Wild and domestic honeybees perform about 80 percent of all plant pollination, with just one bee colony pollinating 300 million flowers in a single day. Nuts, fruits and vegetables are almost exclusively pollinated by bees, and 70 of the top 100 foods consumed by humans are reliant on bee pollination. These 70 foods provide 90 percent of the planet’s nutritional needs.
In recent years, the chemical industry has spent over $11 million dollars on a public relations initiative to try to absolve themselves of blame for the plight of the bees. Nonetheless, the tide has slowly been turning, and governments around the world have begun to acknowledge the damaging role of pesticides in the dramatic decline of the bee population.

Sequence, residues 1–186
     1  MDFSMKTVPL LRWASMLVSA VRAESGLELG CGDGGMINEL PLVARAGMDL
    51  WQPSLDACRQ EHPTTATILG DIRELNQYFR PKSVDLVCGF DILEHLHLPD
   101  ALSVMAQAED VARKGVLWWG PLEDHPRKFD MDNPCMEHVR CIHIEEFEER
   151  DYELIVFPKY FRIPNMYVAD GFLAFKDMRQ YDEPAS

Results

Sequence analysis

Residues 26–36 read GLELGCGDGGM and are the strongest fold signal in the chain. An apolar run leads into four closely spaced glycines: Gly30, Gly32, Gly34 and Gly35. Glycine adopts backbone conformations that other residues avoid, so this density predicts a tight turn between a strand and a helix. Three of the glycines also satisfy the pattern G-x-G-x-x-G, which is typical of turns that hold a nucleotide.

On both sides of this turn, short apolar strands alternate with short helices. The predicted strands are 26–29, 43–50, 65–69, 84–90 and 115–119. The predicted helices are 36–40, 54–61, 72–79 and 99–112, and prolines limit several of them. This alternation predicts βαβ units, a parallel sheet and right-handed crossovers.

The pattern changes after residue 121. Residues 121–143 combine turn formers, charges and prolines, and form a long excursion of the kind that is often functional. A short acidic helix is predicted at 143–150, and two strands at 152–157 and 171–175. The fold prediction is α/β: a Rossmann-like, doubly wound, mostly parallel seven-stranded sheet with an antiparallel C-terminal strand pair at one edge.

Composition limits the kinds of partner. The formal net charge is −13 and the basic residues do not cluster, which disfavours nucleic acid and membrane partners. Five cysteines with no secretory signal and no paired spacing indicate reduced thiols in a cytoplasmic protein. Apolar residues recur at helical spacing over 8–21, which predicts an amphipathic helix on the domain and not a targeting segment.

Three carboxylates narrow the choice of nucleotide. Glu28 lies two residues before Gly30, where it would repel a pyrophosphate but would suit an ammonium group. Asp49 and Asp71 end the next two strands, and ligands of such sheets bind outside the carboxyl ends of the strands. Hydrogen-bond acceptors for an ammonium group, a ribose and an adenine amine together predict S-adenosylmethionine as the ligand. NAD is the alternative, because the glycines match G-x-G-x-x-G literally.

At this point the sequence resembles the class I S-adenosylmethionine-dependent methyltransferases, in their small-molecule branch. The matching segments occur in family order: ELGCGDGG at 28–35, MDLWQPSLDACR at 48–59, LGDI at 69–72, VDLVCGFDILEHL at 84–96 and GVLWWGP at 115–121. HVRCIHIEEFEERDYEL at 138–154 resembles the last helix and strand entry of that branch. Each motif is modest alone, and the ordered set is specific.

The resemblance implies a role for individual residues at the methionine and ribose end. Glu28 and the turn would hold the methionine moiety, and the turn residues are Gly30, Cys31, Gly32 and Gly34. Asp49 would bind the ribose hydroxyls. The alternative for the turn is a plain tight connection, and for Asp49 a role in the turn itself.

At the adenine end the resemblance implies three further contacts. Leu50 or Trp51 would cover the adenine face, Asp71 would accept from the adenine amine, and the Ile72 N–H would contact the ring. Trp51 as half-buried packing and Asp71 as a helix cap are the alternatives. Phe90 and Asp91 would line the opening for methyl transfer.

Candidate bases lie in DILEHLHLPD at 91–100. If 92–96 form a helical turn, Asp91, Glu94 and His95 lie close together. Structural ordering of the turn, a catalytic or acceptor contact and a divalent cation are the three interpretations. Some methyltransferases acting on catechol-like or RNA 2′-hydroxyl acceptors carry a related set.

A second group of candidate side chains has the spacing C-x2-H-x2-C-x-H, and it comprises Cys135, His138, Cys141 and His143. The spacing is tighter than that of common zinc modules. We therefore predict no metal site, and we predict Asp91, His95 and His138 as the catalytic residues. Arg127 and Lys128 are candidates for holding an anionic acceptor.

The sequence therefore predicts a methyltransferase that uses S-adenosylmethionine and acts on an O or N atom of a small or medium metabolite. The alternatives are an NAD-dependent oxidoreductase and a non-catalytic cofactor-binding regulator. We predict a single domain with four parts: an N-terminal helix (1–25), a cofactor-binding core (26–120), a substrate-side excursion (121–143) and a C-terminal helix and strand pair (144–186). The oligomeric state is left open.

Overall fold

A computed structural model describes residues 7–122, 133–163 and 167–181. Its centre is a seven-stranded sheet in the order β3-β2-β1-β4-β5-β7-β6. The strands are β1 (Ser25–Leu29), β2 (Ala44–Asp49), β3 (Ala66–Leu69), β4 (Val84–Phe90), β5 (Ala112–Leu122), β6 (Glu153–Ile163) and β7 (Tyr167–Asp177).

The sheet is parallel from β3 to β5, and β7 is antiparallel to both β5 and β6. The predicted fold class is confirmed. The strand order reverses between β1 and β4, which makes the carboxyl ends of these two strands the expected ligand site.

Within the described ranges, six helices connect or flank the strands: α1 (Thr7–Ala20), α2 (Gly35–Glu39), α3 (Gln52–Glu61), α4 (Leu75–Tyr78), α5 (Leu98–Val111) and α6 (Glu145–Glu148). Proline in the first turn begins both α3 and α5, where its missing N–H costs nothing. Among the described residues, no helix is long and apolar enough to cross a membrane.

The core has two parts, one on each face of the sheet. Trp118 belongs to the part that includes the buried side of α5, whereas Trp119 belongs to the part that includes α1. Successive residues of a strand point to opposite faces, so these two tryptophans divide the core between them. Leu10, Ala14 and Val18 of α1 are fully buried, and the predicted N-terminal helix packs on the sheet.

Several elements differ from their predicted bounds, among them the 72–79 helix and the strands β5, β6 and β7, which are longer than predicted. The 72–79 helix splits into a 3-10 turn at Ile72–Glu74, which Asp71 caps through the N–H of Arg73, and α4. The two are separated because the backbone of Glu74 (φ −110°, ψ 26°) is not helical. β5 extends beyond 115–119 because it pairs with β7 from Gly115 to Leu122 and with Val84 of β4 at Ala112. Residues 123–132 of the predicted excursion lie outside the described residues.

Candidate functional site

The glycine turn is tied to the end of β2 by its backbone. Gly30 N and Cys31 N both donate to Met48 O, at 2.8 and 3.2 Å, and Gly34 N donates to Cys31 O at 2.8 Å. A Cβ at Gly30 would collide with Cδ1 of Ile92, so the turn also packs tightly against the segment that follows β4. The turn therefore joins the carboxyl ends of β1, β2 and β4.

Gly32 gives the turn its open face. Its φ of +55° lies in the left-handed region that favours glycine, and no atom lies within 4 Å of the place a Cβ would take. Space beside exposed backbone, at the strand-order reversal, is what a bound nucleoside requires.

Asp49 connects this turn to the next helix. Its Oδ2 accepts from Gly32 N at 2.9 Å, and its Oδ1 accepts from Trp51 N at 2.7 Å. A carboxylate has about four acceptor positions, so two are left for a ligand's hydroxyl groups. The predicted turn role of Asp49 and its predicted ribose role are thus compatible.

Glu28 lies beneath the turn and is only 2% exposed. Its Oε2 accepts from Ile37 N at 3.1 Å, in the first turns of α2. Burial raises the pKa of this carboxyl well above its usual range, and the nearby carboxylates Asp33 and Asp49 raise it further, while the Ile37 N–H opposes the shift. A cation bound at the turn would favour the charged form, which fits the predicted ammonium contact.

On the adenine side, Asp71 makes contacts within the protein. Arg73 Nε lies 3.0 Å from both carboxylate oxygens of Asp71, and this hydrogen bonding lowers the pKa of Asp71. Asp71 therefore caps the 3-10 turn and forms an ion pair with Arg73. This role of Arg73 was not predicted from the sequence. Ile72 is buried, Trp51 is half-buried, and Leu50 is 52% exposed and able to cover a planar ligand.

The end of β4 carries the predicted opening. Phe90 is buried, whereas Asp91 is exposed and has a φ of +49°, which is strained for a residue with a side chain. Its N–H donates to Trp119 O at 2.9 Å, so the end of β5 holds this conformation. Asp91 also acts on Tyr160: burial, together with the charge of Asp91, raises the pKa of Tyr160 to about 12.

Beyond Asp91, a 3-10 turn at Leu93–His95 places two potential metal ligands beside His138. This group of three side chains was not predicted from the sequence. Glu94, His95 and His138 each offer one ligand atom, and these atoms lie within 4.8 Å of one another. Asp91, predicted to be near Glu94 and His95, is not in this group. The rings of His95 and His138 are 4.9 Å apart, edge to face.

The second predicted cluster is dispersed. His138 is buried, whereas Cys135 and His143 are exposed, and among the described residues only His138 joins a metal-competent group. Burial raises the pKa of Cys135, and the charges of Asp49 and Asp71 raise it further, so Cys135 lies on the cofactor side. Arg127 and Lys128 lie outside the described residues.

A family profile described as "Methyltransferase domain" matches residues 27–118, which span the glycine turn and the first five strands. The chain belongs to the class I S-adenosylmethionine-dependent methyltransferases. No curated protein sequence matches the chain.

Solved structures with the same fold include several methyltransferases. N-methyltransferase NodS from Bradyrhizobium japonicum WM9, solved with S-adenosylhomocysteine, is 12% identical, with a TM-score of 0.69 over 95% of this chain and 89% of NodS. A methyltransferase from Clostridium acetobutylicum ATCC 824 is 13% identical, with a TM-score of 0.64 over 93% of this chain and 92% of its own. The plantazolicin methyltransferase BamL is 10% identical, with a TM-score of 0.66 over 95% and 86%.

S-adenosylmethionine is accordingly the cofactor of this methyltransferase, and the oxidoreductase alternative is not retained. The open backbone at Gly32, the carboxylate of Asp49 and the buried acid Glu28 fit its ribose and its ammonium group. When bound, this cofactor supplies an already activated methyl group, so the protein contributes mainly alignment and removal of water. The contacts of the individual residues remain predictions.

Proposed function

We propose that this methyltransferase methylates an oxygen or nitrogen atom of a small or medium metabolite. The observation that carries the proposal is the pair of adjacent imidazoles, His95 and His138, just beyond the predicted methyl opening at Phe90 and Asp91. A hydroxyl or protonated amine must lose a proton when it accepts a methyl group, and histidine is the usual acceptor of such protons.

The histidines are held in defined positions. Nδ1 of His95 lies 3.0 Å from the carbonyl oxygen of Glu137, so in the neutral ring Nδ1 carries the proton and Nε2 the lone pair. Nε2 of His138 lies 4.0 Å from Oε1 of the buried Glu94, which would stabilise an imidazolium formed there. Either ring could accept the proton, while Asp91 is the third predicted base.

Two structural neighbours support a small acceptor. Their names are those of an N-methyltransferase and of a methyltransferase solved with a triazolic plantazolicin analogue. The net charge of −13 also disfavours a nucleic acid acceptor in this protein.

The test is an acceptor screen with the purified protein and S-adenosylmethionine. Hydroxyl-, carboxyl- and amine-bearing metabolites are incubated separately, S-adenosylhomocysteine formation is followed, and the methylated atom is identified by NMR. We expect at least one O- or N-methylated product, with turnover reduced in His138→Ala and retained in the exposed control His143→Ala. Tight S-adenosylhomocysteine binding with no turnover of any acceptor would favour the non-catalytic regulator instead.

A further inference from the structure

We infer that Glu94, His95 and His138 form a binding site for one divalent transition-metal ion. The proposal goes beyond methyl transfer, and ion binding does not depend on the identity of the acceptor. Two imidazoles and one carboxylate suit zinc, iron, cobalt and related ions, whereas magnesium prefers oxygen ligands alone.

Science Daily reported recently that Bayer AG has developed a pesticide called Sivanto, which has the active ingredient flupyradifurone. Bayer claims that this pesticide will not be harmful to bees and can even be applied safely on flowering fields. It has been available in the U.S. since 2015.
A research team from the University of Würzburg set out to test the company’s claims and found the very opposite to be true.
“Our data show that non-lethal doses of flupyradifurone after a single application to collecting honeybees have a negative impact on the bees’ taste, learning and memory capability,” noted the study’s lead author, Ricarda Scheiner.
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